Since we began studying contemporary women’s journalism at Sixth Form, I have been fascinated by Caitlin Moran. I have admired her for her ability to convey such important messages about feminism without laying all of the blame on men, taking other factors into consideration, laying accusations that feminists are all man-haters to rest. As I began developing my own views on the matter of feminism, which became stronger and clearer the older I grew and the more media I consumed, I was intensely intrigued to read her book How To Be a Woman, and after Moran’s name popped up in a French politics seminar discussion about the similarly amazing Simone de Beauvoir, I realised that this book may actually be a useful influence on my current studies, rather than simply just for my entertainment, and ordered it mid-seminar. Having read it, I think I was right, but it definitely entertained me, too!
I’m not sure what I was expecting out of Moran’s book, really, except her wit and humour that is apparent in so much of her writing- and she certainly didn’t disappoint. I suppose I thought it would be a critique of modern day society, and the negative impacts the Patriarchy has on women; I expected her to pepper her arguments with anecdotes, for credibility and comedy value. However, what I found was almost an autobiography, or memoir, of her life, illustrating how the world can be a difficult place for women to exist, despite their vital role in it.
We are thrown into Moran’s hometown of Wolverhampton, on the estate on which she grew up, in her severely overcrowded house. What is most striking, to me, is how Moran acknowledges her misfortune as a child and does make clear her disadvantaged upbringing and slightly eccentric family, without ever showing signs of being resentful.
I must admit that I cringed at some points, with her crudely honest description of puberty and the stuffing of tissues in her underwear, but Caitlin opening up so early on just allowed me to appreciate her as a normal woman who had endured all of life’s struggles as much as myself. In fact, I think her account of shaving her legs and pubic hair just goes to show that absolutely no one has it easy when it comes to puberty, not even one of of the most admirable women in today’s society. These accounts reminded me somewhat of The Secret Diary of Adrian Mole Aged 13 ¾, just told more self-deprecatingly, given Moran’s retrospective view of the events.
I love how Moran leads us through each important stage in her life, chapter by chapter, reflecting the shock of each by finishing their titles with an exclamation mark. She never pretends that any part of becoming who she is now was easy, but she seems mostly thankful that most of it took place, and recognises that things are only wholly bad if you allow them to be. She teaches the reader that everyone, but especially women, must decide and make their own freedom, so that they aren’t passively directed by the Patriarchy.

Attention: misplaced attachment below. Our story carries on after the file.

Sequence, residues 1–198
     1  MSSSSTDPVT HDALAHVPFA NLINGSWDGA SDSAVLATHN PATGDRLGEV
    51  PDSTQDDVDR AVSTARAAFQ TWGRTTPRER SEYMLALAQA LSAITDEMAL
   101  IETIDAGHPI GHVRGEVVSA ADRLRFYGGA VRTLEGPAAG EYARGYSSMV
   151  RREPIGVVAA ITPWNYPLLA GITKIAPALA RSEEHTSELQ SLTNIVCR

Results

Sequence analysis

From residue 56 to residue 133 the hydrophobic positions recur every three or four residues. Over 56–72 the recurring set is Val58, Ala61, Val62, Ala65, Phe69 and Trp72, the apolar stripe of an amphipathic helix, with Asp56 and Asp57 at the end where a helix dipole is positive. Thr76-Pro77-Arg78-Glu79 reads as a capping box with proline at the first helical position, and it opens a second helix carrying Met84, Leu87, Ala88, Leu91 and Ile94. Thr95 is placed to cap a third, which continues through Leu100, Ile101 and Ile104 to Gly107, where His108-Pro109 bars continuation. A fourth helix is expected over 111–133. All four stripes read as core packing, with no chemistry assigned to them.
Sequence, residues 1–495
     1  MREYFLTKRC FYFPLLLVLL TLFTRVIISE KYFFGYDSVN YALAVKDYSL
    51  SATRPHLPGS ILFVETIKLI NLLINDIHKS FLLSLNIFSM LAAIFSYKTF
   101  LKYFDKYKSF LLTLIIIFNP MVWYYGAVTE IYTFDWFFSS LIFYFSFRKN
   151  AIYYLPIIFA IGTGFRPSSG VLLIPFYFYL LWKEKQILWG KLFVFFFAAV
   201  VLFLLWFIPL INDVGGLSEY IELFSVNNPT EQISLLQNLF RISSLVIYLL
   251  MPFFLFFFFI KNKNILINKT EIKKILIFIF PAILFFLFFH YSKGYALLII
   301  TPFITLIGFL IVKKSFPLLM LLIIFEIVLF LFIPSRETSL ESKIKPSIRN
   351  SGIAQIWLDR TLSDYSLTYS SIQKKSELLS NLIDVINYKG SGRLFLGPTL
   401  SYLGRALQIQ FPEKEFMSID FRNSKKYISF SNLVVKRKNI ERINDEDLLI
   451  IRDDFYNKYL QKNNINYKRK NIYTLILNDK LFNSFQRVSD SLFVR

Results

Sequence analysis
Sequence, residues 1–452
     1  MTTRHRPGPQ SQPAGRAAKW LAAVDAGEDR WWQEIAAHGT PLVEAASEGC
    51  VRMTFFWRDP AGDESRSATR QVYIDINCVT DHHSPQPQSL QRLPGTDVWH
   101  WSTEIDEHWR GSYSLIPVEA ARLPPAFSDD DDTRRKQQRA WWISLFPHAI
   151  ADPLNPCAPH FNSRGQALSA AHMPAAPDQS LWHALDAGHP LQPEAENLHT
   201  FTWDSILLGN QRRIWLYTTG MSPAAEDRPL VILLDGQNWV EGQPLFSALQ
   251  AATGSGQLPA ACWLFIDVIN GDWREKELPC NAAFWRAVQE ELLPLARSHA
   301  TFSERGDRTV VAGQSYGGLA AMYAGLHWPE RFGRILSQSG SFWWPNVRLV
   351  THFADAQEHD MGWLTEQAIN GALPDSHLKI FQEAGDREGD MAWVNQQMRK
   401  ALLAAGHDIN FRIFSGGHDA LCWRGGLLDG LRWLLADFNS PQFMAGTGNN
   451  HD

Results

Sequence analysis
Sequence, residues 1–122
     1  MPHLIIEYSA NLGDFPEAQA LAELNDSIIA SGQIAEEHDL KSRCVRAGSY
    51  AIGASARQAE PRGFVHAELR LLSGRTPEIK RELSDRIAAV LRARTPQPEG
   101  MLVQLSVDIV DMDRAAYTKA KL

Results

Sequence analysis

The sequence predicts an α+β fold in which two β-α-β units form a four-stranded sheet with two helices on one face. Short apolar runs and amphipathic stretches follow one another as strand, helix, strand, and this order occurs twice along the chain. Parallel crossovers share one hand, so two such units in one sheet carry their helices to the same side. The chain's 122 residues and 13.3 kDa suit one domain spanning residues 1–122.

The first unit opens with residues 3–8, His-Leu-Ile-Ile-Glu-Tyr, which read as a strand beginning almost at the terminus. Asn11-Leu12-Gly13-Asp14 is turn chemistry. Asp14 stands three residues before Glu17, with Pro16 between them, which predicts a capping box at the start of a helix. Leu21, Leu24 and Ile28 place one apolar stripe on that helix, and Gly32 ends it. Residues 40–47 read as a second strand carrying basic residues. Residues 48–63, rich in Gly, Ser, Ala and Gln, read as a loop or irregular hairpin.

She is not afraid to admit to the reader that she has fallen so behind on paying bills that her telephone was cut off, or that she has had her fair share of experimenting with drugs, but neither does she boast about these factors of her life. She shares the heartfelt story of her abortion, although, even this is shot through with humour at points, but doesn’t suggest that it should be the only option for a feminist.
The greatest thing about Caitlin Moran’s How To Be a Woman is that she simply encourages people to be who they want to be without being judged, or needing the approval from society. She points to many flaws in the media, for example, when she meets Lady Gaga, and makes the ‘shocking’ revelation that women may dress sexily in order to feel empowered and to impress each other, rather than to attract male attention, for whom they aspire to be sexually objectified. However, Caitlin also posits that, if women do want to go around having sex with different men, or women for that matter, then that is ok, too!
It is undeniably that she has come a long way from the bed she shared with her younger sister, in which her grandmother died, and the threadbare hand-me-down knickers she inherited from her mother, in which, her sister jokes, her younger sister was conceived. But Caitlin Moran never forgets where she has come from; she lets every event in her life act as a contribution to the person she has become, and the beliefs that she has now.
She makes it strikingly clear that being a feminist doesn’t mean that you hate all men and that you want women to run the world, there wouldn’t be male feminists, if that were the case. In fact, she openly states that she doesn’t want any men to have any of their rights taken away from them, she just simply wants women to be able to share more of them. To have an equal chance in the world.
Having enjoyed the book so much that I couldn’t put it down, I read right through to the end of the Acknowledgements, which rarely happens. I am glad to have done so because possibly my favourite part of her life story occupies the very last part: her dedication to her husband. However, in true Moran style, she wouldn’t be able to simply thank him for his support without adding a sliver of humour, and here it comes in the form of her admitting her culpability in breaking their door handle.
The fact that Moran shares so much in this book; that she admits her wrongdoings and that she stays true to who she is only makes me want to be more like her than I did before reading it. I think the combination of her title and her content really does teach her readers how to be women, or men, for that matter: simply be yourself.